Did I damage my primary mirror??
Posted 26 April 2014 - 05:16 PM
Posted 26 April 2014 - 08:44 PM
Posted 02 May 2014 - 07:53 AM
Can anyone recommend a good place to have the mirror recoated if I go that route?
Know any good articles or videos on how to do a star test properly?
Posted 02 May 2014 - 08:26 AM
All I'm worried of is the longevity of the coating, so if the scope was under warranty I'd contact the vendor.
Posted 02 May 2014 - 04:41 PM
Good article with a lot of common sense.
For future reference, here's the best article I've found on mirror cleaning.
From Mike Lockwood:
See also: http://www.youtube.c...h?v=9Y8xFnXFVGQ
for a video on a gentle, easy, technique for cleaning a mirror.
And see: http://adsabs.harvar...PASP..109..303M
for an article on why and how often you should clean a mirror.
Posted 02 May 2014 - 11:30 PM
I am surprised to hear all this talk of washing mirrors. Though there is nothing to be afraid of if you clean one right, the idea that your reflectance can decrease by 20 percent in a year must only be true if you are living in a very bad area. I've found many scopes can go for years without cleaning.
PS- My Celestron C-10N looked just the same when last I cleaned it, in the Fall. I have not detected any problems. I have a 12" Orion Dob which looks worse because the previous owner let his dog sit it in, and I had to go nuts when cleaning - really not good to do. It is still a good scope to use, and gives great images.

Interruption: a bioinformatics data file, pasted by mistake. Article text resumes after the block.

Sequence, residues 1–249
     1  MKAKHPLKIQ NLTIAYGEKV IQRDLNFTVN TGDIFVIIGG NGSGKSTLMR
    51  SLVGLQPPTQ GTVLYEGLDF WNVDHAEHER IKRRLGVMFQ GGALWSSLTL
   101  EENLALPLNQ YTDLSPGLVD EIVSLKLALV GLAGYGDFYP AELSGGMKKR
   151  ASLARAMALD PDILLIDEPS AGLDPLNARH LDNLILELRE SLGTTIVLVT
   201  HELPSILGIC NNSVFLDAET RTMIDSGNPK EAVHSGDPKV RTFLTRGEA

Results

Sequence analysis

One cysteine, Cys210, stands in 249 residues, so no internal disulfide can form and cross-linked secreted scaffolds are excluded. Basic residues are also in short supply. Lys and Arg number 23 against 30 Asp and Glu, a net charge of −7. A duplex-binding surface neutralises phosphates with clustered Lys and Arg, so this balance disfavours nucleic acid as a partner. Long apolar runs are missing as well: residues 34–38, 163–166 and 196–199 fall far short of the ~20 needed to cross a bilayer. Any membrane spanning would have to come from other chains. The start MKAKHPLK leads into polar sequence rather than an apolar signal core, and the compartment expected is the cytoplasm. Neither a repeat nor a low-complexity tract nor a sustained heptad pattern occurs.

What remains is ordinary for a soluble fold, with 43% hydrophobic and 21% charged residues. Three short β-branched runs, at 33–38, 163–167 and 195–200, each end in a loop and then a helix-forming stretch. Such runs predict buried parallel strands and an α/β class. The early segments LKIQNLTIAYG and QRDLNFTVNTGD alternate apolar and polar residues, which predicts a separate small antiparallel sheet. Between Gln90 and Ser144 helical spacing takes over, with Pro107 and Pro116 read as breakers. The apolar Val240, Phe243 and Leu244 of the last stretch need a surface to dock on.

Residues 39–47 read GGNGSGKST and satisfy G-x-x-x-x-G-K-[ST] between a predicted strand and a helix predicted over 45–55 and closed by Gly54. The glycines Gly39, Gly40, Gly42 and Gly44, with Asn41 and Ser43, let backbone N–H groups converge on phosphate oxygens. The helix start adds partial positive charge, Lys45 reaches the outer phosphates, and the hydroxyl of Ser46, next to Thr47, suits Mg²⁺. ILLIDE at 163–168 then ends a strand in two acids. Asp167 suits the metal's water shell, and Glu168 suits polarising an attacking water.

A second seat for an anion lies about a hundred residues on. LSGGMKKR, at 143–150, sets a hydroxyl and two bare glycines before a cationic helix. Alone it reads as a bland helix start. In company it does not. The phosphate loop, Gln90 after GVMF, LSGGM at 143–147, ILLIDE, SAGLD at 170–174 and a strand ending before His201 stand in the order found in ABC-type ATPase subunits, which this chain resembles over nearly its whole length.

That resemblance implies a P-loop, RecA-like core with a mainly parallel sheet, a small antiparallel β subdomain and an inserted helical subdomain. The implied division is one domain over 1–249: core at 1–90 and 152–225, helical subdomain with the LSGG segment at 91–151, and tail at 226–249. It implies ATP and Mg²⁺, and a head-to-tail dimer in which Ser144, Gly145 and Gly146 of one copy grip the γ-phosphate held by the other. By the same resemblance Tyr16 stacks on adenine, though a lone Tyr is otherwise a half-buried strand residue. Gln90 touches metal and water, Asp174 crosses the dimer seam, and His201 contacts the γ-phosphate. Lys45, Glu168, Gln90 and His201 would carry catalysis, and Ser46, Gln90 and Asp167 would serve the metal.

I try not to be too picky, because I haven't found this all to matter much, though for the outright best on Jupiter I have seen some real difference in a really well polished and coated mirror, I must admit.
Posted 03 May 2014 - 12:56 AM
A friend who coats mirrors for a living cleans all the mirrors sent to him, and he has found an average of 25% increase in reflectivity, on each mirror sent to him for recoating, just by cleaning.
Reflectivity decreases from grime on the mirror is real.
But, remember than a 40% loss in reflectivity only loses a magnitude. Unless you regularly look at targets near the scope's limit, that may not be that noticeable to the average observer.